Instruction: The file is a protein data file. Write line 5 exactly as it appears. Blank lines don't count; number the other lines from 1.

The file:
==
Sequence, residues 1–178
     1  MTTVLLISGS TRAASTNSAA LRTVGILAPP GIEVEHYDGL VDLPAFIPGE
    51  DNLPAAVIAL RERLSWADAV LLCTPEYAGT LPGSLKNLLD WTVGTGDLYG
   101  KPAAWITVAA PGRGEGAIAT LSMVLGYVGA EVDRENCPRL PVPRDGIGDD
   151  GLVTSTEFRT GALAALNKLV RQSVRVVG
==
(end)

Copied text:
   151  GLVTSTEFRT GALAALNKLV RQSVRVVG